Fleming Island Republican Glo Smith and former Democratic State Sen. Al Lawson, of Tallahassee, debated before Jacksonville’s Southside Business Men’s Club Wednesday, each making the case why he or she should succeed Corrine Brown in Congressional District 5.
Lawson defeated Brown in the August Democratic primary after her district was redrawn to include Tallahassee. Brown also faces several federal fraud charges related to her alleged involvement in a fake charity.
On Wednesday, Lawson said his top three priorities are education, the environment and jobs. Smith put jobs first, followed by military affairs and education.
Smith also supports increased military spending by cutting the IRS or Department of Education, while Lawson said the U.S. already has the best military in the world. Lawson was asked whether he believes the military is as strong as it was eight years ago, and he drew groans from the audience when he replied, “Yes.”
Debate watcher and Jacksonville military vet Targan Wehye-Jones said neither of their answers on military spending swayed her.
“I believe we do need to spend some money into the military, but it really needs to be focused,” she said after the debate. “You can’t just throw money into because we want to have a great military. But the military is strategically trying to do things to align itself. You can’t, necessarily, send more people somewhere if you have the equipment that can take the place of the people.”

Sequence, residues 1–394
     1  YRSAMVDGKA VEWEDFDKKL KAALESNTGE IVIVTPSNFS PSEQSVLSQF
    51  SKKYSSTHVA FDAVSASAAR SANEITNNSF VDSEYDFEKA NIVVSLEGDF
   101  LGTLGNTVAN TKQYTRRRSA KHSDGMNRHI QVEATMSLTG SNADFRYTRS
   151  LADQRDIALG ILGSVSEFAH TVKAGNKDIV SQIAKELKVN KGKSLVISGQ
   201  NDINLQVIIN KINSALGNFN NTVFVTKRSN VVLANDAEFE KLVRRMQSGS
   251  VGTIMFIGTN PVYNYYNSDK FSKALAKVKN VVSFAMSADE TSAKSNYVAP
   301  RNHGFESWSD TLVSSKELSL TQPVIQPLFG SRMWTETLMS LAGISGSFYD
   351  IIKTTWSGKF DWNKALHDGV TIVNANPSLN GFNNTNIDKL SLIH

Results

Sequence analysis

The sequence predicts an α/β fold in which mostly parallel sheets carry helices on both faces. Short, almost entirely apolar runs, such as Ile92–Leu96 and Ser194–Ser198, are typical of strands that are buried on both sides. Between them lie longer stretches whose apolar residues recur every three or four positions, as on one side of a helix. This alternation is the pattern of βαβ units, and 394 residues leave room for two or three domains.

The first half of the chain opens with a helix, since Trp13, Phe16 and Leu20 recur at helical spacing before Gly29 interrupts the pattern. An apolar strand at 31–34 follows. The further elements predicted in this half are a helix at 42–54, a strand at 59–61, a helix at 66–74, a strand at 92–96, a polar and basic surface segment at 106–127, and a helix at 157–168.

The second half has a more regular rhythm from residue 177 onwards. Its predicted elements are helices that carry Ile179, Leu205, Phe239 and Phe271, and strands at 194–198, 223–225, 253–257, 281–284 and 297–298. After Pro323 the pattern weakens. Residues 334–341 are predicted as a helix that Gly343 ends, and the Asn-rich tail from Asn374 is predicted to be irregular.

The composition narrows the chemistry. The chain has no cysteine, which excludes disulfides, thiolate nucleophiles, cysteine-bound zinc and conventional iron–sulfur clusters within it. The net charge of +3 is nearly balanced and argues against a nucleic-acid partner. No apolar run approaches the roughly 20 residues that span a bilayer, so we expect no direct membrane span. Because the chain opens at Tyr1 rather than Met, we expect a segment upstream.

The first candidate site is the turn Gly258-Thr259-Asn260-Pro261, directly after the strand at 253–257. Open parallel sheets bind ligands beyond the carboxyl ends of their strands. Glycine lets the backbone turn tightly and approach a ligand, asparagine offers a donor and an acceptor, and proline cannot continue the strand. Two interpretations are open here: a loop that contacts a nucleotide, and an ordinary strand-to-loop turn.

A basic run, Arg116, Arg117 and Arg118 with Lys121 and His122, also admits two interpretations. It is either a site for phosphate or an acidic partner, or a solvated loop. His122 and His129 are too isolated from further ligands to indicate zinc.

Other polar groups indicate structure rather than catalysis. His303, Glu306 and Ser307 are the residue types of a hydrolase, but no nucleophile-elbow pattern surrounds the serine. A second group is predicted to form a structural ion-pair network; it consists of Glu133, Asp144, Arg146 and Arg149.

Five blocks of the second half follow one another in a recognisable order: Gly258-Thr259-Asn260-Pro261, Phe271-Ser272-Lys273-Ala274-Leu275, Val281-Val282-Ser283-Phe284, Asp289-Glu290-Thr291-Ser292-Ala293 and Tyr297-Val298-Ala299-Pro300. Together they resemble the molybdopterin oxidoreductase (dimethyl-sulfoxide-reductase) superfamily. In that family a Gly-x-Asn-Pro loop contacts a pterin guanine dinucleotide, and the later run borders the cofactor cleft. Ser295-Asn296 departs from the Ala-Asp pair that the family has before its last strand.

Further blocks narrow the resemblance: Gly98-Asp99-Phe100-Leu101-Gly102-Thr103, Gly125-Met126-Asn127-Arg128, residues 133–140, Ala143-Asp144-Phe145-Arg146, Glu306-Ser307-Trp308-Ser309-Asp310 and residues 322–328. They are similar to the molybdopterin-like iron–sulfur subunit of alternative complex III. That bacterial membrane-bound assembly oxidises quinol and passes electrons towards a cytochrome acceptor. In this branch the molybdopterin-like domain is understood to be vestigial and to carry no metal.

Both candidates said they favor deepening the St. Johns River to bring cargo ships into Jaxport and create jobs.
About international trade, Lawson said he’s in favor of the Trans-Pacific Partnership. Smith said she would vote against the TPP as it is now, but would be in favor of it, if it were made fairer to Americans.
According to Lawson's campaign website, he's a longtime agent with Northwestern Mutual Financial Network, as well as owner and publisher of the Capital City Black Pages business directory and shopping guide. Learn more about him here.
Smith is a Jacksonville native who has owned a business and is married to a state attorney's office investigator and former state trooper, her website says. Learn more about her here.